Oil Futures Gain as Traders Look to Post-COVID Recovery
WASHINGTON (DTN) -- Oil futures nearest delivery on the New York Mercantile Exchange and Brent crude on the Intercontinental Exchange vacillated between modest gains and losses on Monday as traders weighed optimism over the start of the coronavirus vaccine campaign in the United States against a slowing economy amid local and state shutdowns across major metropolitan centers aimed at flattening the second wave of coronavirus infections.
At settlement, NYMEX January West Texas Intermediate futures advanced 42 cents to a 9-month high on the spot continuous chart $46.99 barrel (bbl) and the February Brent contract on ICE settled above $50 bbl at $50.29 bbl. NYMEX January ULSD futures gained 1.75 cents to $1.4544 gallon and January RBOB futures climbed 1.14 cents to settle at $1.3191 gallon.
On Monday, the United States vaccinated the first person against COVID-19, with over 50 million doses of the Pfizer/BioNTech vaccine expected to be administrated by year's end. Should the vaccine rollout prove effective, Goldman Sachs estimates the United States and European Union would be able to vaccinate 50% of their population by April, followed by Japan and Australia by May, leading to a quick turnaround in global growth in the second half of next year.
There are other positive signals in the market. Asia's demand driven by a stronger-than-expected rebound in China's economy and successful mitigation efforts to cut though the viral spread continue to support physical markets into year's end. Based on a Bloomberg assessment, road usage in Asia is near pre-COVID levels, while European motorists are seen hitting the roads again as governments in France, the United Kingdom and Spain relax lockdown measures.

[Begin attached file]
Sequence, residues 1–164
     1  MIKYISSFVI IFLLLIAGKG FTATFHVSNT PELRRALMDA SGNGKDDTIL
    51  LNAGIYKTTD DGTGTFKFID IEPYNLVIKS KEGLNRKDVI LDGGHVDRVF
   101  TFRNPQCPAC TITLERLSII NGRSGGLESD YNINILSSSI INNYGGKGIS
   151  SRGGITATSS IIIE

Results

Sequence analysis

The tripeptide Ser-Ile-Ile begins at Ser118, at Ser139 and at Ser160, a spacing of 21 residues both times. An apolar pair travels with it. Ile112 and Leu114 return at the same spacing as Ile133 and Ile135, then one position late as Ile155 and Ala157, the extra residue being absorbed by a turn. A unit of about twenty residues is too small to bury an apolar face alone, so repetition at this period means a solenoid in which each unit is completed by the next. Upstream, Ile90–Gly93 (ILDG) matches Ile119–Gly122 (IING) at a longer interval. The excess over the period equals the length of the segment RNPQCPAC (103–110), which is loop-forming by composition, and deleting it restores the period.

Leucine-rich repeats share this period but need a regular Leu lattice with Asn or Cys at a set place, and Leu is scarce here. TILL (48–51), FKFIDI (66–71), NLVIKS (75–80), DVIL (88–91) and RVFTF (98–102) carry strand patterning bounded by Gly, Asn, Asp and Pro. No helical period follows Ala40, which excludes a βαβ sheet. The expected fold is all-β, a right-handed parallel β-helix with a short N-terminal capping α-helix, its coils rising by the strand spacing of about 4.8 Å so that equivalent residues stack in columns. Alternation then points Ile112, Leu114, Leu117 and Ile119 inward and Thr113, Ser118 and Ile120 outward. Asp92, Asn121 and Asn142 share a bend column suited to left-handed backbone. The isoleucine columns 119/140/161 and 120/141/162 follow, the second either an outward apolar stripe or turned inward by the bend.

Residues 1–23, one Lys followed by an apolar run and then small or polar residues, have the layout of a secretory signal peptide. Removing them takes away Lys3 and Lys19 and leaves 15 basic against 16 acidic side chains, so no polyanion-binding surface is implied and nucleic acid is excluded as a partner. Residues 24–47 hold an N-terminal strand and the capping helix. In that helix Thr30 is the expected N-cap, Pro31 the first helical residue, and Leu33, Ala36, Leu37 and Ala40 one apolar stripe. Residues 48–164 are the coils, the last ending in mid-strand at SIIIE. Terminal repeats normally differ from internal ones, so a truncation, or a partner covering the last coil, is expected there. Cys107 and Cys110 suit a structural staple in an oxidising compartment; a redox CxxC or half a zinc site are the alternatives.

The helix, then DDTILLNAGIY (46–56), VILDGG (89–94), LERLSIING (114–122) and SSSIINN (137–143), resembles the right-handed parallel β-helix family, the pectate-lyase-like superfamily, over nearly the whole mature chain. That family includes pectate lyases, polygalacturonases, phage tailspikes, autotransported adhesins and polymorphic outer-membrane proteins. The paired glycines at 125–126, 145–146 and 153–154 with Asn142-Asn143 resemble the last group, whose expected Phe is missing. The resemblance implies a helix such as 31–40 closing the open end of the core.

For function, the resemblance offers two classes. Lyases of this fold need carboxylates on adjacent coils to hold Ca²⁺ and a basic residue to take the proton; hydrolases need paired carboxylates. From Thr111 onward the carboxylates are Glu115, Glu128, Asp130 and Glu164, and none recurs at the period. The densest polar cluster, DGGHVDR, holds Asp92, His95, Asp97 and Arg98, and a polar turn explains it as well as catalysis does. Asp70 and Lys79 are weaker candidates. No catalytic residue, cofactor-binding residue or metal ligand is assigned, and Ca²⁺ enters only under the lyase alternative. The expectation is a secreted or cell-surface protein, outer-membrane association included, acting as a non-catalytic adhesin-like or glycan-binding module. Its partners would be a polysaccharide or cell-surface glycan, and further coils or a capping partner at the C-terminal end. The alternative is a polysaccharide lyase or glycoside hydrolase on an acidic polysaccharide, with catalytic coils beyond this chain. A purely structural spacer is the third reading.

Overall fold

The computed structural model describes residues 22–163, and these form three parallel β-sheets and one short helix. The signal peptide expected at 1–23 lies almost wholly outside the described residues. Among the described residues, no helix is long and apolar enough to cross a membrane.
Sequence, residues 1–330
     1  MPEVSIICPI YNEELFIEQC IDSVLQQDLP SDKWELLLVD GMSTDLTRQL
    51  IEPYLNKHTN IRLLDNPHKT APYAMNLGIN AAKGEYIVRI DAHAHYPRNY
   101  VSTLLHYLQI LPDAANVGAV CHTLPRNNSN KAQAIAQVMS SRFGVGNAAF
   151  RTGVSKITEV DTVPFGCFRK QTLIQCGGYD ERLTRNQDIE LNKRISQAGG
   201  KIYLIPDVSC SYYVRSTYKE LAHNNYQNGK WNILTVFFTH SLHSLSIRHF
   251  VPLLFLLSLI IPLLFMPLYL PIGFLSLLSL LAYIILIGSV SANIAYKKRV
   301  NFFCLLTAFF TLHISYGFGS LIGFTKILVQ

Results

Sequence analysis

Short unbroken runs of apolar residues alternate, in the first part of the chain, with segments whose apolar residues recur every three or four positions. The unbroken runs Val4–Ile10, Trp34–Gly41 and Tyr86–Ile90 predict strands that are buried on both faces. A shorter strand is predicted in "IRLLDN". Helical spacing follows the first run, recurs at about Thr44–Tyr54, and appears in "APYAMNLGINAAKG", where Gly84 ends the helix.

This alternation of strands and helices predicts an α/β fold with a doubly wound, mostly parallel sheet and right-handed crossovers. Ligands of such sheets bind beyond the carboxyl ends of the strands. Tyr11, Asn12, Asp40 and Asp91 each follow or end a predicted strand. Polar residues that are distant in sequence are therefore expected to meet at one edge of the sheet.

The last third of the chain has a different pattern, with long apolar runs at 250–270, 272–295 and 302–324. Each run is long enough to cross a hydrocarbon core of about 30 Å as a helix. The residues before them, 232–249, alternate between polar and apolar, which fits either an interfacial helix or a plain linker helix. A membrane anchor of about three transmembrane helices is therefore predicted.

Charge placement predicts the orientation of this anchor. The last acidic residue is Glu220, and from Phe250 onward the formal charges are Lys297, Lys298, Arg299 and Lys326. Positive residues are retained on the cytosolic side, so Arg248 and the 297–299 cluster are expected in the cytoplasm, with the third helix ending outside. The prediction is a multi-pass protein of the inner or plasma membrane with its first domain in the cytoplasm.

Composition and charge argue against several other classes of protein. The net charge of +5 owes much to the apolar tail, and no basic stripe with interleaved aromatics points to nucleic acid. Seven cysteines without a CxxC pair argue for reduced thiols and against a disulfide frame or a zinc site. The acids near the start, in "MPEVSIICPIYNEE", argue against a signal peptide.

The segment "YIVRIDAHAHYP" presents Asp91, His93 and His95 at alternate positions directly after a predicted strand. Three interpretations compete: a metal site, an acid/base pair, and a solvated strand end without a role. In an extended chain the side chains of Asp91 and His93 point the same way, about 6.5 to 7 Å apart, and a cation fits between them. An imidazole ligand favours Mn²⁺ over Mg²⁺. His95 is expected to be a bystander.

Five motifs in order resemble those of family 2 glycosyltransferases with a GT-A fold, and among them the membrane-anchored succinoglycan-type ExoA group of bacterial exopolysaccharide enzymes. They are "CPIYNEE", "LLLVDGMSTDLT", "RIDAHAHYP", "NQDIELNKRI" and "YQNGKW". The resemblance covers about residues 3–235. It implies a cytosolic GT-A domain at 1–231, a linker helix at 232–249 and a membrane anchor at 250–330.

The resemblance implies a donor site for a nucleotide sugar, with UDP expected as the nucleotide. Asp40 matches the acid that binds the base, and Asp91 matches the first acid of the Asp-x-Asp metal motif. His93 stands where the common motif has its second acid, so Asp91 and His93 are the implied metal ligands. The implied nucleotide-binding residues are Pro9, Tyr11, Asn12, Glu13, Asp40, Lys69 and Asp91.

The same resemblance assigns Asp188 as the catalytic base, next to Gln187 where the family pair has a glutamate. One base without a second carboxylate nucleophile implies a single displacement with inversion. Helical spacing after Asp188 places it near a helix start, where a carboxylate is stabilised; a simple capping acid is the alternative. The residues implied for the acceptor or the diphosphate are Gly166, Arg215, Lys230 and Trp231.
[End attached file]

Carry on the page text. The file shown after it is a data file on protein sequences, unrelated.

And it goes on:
Against this bullish outlook, weak demand for transportation fuels in the United States, the world's largest oil consumer, suggests oil futures have advanced too far too quickly. Local governments from Los Angeles to New York continue to tighten quarantine restrictions in an attempt to relieve stress on hospitals that are in some areas nearing capacity. New York City Mayor Bill de Blasio warned Monday that the city could experience a "full shutdown" in coming weeks.
"We're seeing the kind of level of infection with the coronavirus we haven't seen since May and we have got to stop that momentum, or else our hospital system will be threatened," de Blasio said.
This morning, the Organization of the Petroleum Exporting Countries revised lower its demand projections for next year by 350,000 barrels per day (bpd) for an annualized growth of 5.9 million bpd due to lingering uncertainty around pandemic's impact on transportation fuels in countries part of the Organization for Economic Cooperation and Development. OPEC now sees global demand growth next year of 96.89 million bpd, up from 90.01 million bpd in 2020. However, these estimates are still lower from 99.76 million bpd demand growth seen in 2019.
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